L moves out; do lodgers become T? New Agreement?

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    L moves out; do lodgers become T? New Agreement?

    I am moving out of my property at the end of this month. I currently have 3 tenants/housemates/lodgers who signed a 6 month tenancy agreement approximately a year ago. I assume these have now lapsed into monthly periodic lettings.

    The agreement does not state anywhere that it is an AST, so I believe it is not an assured tenancy. We share the bathroom, kitchen and lounge, so I feel it is an Excluded tenancy. There is also the possibility that it may be a license to occupy in which case, as I understand it - it would not automatically become an AST upon my leaving.

    I need to know how to tell whether what I created with my housemates/tenants/lodgers was an excluded tenancy or a license to occupy, and thus what these lettings will automatically become upon my leaving.

    I also need to know if I need to create a new agreement, and if so - whether I now need to protect their deposits?

    #2
    What a confusing mess.

    Are we to assume you are - or have until now been - a resident landlord in this property? Do you own it?
    'Pause you who read this, and think for a moment of the long chain of iron or gold, of thorns or flowers, that would never have bound you, but for the formation fo the first link on one memorable day'. Charles Dickens, Great Expectations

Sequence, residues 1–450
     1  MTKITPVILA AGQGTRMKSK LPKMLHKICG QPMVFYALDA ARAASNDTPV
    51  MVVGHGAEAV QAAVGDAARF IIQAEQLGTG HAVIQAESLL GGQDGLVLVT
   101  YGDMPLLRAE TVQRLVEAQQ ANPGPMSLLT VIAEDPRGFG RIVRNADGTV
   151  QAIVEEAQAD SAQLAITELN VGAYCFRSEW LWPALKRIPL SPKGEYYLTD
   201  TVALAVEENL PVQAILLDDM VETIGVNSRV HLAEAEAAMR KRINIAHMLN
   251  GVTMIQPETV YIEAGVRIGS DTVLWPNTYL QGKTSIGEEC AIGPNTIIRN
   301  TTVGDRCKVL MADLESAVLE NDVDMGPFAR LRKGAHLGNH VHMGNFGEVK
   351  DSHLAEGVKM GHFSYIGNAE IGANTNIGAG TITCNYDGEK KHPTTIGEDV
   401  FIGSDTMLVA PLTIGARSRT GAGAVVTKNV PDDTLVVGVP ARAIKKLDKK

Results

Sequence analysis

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      #3
      Personally, I would consult a specialist landlord & tenant solicitor, as you really need to know the occupiers' status, and the £100 or £200 it might cost to establish this would be well worth it.

      You can't force the occupiers to sign a new agreement - it may be the case that their status changes automatically when you move out, regardless of any written contract. I don't know.

      As for deposits, best to err on the side of caution and protect them with the DPS (http://www.depositprotection.com/) - it is not essential for the tenancy to be an AST to use the service. Don't forget to provide the prescribed information, keep copies, and get proof of posting.

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        #4
        Originally posted by mind the gap View Post
        What a confusing mess.

        Are we to assume you are - or have until now been - a resident landlord in this property? Do you own it?
        Hehe, I didn't realise it was *that* confusing! I figured it was a fairly standard case of a resident landlord moving out of their property.

        To answer your question - yes I do own the house, and have been a resident landlord for 4 years. From the date I purchased the property, I have been living there with 3 lodgers/tenants on separate agreements.

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          #5